Cells of Salmonella isolated from macrophages. (Credit: Environmental Molecular Sciences Laboratory



University of Birmingham, Great Britain  A study published in the journal Science offers a long-awaited explanation for the link between HIV infection and susceptibility to life-threatening nontyphoidal strains of Salmonella. The research, funded by the Wellcome Trust and GlaxoSmithKline, goes on to identify targets that could be pursued for vaccine development.

Nontyphoidal strains of Salmonella (NTS) usually cause vomiting and diarrhoea in high-income countries and are mainly contracted by consuming infected foods, such as uncooked meat and eggs. NTS can also cause fatal bloodstream infections in people with compromised immunity, such as HIV-infected individuals, and children under two years of age or with malaria, anaemia or malnutrition.

This is a particular problem in Africa where Salmonellae are the most common bacteria to infect the blood. Such bloodstream infections can be treated with antibiotics, but drug resistance is on the increase and there is currently no vaccine available.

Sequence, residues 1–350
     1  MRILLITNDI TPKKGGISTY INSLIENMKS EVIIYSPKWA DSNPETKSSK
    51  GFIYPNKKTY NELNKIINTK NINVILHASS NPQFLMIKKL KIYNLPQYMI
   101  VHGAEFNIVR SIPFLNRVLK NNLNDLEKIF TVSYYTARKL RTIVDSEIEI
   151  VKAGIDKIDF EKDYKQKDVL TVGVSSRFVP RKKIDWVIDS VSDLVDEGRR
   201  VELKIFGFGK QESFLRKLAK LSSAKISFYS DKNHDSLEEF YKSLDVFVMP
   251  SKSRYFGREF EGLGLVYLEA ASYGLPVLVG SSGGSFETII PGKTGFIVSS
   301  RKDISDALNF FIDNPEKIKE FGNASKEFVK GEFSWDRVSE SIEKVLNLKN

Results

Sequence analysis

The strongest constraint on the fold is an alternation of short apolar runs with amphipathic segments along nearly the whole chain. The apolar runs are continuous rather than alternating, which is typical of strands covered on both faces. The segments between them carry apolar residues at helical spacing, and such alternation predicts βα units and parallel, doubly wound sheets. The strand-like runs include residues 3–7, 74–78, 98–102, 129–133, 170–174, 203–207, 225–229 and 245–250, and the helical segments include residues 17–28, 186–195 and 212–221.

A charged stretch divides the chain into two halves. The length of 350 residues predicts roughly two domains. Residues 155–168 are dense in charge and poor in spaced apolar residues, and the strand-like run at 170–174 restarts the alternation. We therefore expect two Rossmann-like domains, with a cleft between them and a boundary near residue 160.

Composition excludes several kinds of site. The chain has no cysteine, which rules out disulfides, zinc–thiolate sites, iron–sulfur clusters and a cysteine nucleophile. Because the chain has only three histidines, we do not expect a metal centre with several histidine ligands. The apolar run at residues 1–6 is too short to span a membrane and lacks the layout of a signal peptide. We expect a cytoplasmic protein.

“The association between HIV infection and fatal cases of nontyphoidal Salmonella disease has been known since the onset of the AIDS pandemic 26 years ago, but this is the first time we’ve been able to offer a scientific explanation why,” said Dr Cal MacLennan from the University of Birmingham, who led the research.

In an earlier study of African children, the team of researchers working at the Malawi-Liverpool-Wellcome Trust Clinical Research Programme, at the University of Birmingham and the University of Malawi’s College of Medicine, had shown that protective Salmonella-specific antibodies generated in the first two years of life are critical for controlling the infection.

In the new study, the researchers turned their attention to immunity in African adults. While blood samples from HIV-uninfected adults killed Salmonella without difficulty, those from many HIV-infected Africans could not kill Salmonella. Since HIV causes significant defects in the immune system, the team examined whether a lack of these antibodies might account for the absence of killing and explain why HIV-infected adults are particularly susceptible to Salmonella infections.